Page 845 - Week 03 - Thursday, 10 March 2005

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MR SPEAKER: Before we move on, I would like to acknowledge and welcome some recent recruits to the Audit Office who have embarked on a familiarisation program in the Assembly building today. You will assist us in accountability, I am sure.

Executive business—precedence

Ordered that executive business be called on forthwith.

Water Efficiency Labelling and Standards Bill 2004

Debate resumed from 9 December 2004, on motion by Mr Stanhope:

That this bill be agreed to in principle.

MRS DUNNE (Ginninderra) (10.43): The Liberal opposition will be supporting this bill, although I am in the process of negotiating an amendment. I have spoken to the Chief Minister’s office, but I have not yet had an opportunity to speak to Dr Foskey about it. I will address that a little later in the speech.

At the last election, the ACT Liberal Party committed to implementing the water efficiency labelling scheme, WELS, in line with the national water initiative. WELS is one of the many elements of the national water initiative that have been brought forward through the auspices of the commonwealth government and the fine work that is being done there on addressing the wider and manifold issues of water policy in this country.

The water efficiency labelling scheme is designed to save over the years billions of litres of water in the ACT, in the first instance, and across the nation by alerting consumers, in a very simple and straightforward way, to the water efficiency of particular appliances and encouraging them to purchase those appliances in preference to ones which are less efficient. This is a commendable scheme that the Liberal opposition has strongly supported.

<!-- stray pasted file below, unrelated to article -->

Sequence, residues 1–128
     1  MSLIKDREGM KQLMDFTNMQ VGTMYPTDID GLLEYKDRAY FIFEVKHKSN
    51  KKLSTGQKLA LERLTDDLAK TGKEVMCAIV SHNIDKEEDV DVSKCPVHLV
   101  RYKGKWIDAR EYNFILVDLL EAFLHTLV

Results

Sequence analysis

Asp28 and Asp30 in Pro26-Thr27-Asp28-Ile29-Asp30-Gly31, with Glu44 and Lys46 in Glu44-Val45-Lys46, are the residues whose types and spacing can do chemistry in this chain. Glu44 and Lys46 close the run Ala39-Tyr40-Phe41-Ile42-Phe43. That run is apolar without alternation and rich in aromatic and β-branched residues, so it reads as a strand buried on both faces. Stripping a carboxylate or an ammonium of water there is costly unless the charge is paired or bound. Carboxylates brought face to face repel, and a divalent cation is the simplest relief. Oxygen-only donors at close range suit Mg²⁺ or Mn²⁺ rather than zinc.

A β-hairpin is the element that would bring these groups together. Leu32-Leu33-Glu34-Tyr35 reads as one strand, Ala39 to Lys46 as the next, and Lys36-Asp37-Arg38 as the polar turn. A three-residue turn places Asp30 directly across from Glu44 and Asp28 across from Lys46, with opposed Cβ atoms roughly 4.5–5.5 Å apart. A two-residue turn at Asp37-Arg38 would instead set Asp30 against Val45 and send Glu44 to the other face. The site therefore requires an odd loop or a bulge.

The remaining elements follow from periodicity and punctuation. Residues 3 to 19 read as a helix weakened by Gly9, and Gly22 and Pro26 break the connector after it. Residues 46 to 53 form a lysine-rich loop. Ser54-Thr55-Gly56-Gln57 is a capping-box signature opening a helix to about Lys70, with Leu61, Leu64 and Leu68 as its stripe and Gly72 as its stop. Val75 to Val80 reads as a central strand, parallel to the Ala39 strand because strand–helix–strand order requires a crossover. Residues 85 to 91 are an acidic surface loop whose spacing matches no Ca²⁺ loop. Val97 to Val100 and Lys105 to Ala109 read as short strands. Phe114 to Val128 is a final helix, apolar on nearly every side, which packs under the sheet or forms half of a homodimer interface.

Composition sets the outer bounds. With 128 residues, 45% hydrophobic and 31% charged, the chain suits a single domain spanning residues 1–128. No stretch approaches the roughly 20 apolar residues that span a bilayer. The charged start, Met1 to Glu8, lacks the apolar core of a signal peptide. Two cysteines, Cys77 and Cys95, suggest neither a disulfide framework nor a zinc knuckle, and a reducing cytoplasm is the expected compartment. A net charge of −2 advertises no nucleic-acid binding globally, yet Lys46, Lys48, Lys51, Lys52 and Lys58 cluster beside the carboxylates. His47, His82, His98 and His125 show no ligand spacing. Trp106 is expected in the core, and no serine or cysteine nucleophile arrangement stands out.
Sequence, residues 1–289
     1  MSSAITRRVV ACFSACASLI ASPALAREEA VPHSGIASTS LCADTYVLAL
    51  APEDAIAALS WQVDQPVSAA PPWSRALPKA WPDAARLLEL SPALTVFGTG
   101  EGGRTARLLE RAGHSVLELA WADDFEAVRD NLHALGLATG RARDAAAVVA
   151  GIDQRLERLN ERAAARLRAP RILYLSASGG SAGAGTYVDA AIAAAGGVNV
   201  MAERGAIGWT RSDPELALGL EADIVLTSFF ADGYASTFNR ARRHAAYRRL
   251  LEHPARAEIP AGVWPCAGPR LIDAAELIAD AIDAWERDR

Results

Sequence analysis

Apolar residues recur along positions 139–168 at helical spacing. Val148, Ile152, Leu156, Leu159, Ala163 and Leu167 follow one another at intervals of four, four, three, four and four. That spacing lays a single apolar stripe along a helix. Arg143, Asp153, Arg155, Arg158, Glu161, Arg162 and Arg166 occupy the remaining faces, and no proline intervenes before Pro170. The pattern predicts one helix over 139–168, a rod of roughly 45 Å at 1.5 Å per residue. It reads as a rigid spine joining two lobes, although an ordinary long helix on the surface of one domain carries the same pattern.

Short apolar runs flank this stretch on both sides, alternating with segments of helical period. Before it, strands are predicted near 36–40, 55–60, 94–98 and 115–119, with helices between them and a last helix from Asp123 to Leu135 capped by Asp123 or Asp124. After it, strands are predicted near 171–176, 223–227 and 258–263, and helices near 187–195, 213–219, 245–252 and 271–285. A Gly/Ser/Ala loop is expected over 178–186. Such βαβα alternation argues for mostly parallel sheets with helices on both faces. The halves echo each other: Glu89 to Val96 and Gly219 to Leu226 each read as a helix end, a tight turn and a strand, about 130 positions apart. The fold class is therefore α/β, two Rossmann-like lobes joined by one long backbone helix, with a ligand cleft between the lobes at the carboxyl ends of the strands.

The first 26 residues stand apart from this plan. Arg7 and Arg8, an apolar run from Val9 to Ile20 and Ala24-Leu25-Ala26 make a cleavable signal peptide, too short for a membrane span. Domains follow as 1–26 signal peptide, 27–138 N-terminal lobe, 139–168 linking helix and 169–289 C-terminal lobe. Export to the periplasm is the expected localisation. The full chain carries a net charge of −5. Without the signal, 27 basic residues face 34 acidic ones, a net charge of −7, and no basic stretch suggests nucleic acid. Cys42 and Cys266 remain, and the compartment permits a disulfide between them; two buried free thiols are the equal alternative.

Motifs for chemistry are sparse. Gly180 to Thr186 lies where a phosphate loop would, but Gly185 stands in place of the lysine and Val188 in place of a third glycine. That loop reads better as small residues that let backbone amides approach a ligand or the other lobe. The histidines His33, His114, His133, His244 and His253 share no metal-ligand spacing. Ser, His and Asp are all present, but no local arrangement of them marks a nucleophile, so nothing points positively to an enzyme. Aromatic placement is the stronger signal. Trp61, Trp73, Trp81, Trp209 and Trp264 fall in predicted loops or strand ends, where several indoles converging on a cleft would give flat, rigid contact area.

I am sorry, members, in that, in a sense, I need to throw a bit of a spanner in the works this morning. I have not had an opportunity to address this matter directly with Dr Foskey, but I have alerted the environment minister’s office. Over the past week, I have been attempting to obtain some advice from the government as to the meaning of clause 57 of this bill. It has no environmental implications and, although I tried to spell out in words of a small number of syllables that it was a matter of property law, I kept getting advice from environmentalists which told me what I already knew but did not tell me the things that I wanted to explore about the impact that this section would have on property law.

Clause 57 relates to the situation where goods are taken into possession and confiscated for a variety of legitimate reasons under the act. The means of disposing of the goods after they have been used for evidential material are quite unusual. When I first went to parliamentary counsel to ask them about the impetus for this clause and why it was there, parliamentary counsel, quite rightly, said that it came from commonwealth legislation. This is template legislation. They made the point that the provisions of clause 57 were

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